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Accepted Paper:

Ethnic Words and Soviet Things: Coming to Terms with Soviet Civilization in Esenberlin's Kōşpendiler.  
Christopher Baker (American University of Central Asia)

Paper long abstract:

Ethnic Words and Soviet Things: Coming to Terms with Soviet Civilization in Esenberlin's Kōşpendiler. My paper focuses on Kōşpendiler, a trilogy written by Iliyas Esenberlin in the 1960s and 1970s, and the relationship of this text to classificatory practices in the imperial and Soviet eras. It explores Esenberlin's understanding of the taxonomies that had classified his heritage and his imagination of the erudition that had marked and recorded it in uncertain, overlapping classifications. My analysis centers on the conclusion of the work, a part of the novel Esenberlin wrote with more than a century of dictionaries, encyclopedias, and taxonomies on his mind. Its culmination is replete with references to sprawling compendia and to individuals studied in the categorization of existing and historical things. This concluding section begins in a "room filled with books." It takes place in the headquarters of Russian Governor-General Vasilii Perovskii and among the paper instruments at his disposal for enumerating landscapes and peoples (the character was based on the real-life imperial officer who presided over the Orenburg region from 1833-1842, the same period in which Kōşpendiler's concluding section begins). "There is a large map of the Orenburg region on the wall" of the office in addition to "the thick leather covered volumes on the shelves and tables in the corners." There are also cabinets in his office filled with documents on the flora, fauna, and topographies of the vast steppe areas that sprawled out to the south and east of this administrative district.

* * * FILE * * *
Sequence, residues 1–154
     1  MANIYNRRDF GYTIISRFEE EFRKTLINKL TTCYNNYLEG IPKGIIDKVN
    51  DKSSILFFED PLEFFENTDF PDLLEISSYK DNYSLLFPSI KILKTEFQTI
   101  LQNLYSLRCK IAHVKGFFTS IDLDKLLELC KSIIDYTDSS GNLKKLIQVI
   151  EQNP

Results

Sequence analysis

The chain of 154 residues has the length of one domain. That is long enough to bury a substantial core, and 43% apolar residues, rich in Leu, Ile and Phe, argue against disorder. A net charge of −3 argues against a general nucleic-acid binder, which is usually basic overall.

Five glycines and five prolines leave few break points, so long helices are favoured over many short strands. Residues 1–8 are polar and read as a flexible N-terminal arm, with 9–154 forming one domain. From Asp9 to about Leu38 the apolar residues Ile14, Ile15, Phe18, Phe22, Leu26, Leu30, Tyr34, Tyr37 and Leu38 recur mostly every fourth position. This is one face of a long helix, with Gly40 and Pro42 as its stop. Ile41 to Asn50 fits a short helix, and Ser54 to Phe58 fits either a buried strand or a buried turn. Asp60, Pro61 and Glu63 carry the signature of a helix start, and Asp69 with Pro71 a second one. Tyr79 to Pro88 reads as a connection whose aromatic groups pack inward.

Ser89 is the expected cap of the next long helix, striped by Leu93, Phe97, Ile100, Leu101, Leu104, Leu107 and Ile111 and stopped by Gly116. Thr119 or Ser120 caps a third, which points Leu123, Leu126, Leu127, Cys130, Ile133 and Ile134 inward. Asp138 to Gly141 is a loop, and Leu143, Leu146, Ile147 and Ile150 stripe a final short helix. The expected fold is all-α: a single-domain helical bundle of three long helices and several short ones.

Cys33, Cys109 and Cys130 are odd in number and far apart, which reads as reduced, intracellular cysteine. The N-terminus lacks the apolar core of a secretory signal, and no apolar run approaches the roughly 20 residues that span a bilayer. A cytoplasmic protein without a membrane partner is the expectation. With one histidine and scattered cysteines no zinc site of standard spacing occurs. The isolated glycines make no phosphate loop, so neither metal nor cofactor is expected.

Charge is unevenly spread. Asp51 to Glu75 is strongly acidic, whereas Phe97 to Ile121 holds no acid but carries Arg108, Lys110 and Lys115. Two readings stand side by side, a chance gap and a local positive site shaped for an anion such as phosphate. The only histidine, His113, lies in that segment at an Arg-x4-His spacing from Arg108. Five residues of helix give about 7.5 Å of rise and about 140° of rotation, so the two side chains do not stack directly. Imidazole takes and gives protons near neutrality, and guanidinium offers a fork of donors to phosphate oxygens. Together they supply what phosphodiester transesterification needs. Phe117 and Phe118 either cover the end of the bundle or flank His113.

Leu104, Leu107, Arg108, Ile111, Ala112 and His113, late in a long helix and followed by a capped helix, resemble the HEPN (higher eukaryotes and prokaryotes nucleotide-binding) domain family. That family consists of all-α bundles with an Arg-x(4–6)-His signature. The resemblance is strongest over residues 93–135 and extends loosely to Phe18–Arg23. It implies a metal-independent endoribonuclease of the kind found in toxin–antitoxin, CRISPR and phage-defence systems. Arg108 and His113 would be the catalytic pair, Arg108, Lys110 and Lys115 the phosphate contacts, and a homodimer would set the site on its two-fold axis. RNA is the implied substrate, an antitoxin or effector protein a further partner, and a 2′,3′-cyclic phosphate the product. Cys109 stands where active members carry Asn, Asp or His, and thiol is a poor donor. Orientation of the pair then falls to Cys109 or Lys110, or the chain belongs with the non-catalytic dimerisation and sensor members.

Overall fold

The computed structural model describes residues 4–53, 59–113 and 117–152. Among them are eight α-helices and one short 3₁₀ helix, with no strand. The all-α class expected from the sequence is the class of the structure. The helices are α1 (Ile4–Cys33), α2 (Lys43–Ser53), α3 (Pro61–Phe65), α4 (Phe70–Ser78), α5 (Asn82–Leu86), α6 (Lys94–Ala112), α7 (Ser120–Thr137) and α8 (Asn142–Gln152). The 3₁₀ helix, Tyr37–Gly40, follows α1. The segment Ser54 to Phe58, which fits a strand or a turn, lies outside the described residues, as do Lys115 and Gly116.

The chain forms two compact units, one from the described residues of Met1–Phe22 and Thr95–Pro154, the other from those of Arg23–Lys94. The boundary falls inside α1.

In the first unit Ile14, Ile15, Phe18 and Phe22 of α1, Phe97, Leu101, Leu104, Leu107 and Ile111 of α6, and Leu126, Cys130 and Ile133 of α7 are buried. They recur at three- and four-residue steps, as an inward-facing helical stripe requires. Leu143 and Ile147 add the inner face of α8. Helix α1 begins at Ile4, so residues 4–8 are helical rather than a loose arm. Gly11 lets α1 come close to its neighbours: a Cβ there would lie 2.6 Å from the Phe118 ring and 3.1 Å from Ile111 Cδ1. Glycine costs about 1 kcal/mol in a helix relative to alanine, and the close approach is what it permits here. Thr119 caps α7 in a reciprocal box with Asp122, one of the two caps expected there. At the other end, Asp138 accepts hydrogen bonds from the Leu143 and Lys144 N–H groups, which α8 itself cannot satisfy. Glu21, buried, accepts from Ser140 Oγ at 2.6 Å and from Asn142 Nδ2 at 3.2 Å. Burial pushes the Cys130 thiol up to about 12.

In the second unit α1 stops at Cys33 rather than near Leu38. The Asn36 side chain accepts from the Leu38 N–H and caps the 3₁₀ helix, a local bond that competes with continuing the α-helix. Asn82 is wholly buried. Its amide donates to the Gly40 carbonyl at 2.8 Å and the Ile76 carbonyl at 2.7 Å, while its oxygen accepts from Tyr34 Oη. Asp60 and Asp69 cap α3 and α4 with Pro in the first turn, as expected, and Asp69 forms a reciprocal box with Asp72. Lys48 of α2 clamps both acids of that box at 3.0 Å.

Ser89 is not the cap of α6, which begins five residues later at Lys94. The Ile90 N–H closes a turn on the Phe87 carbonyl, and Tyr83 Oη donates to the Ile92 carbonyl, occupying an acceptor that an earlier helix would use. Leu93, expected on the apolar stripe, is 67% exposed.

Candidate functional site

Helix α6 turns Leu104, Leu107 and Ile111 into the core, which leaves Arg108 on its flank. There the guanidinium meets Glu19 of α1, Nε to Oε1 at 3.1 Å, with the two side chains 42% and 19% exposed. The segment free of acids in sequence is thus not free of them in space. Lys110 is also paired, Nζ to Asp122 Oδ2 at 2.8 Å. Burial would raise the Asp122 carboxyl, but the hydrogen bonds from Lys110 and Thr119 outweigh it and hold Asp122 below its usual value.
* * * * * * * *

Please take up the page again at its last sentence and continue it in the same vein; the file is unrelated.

There was nothing fortuitous about this setting or the books and maps with which Esenberlin surrounds the Russian governor-general in the novel. The conclusion was his effort to understand the erudition that had accumulated in the offices of men like Perovskii in the imperial era. It was his attempt to come to terms with this inheritance of paper and with the sediment of words and taxonomies in the steppe across which the Kazakh SSR sprawled. We know a great deal about imperial and Soviet efforts to classify Central Asian peoples and traditions. We know less about the indigenous imagination of these practices - the meaning of these classifications to those categorized by them or the ways in which indigenous artists perceived the tangled history of discarded and altered taxonomies that in some sense shaped Soviet civilization. Esenberlin struggled to make sense of this patrimony in Kōşpendiler.

Panel LIT-03
Representations of Self and Other in Kazakh Literature
  Session 1 Thursday 10 October, 2019, -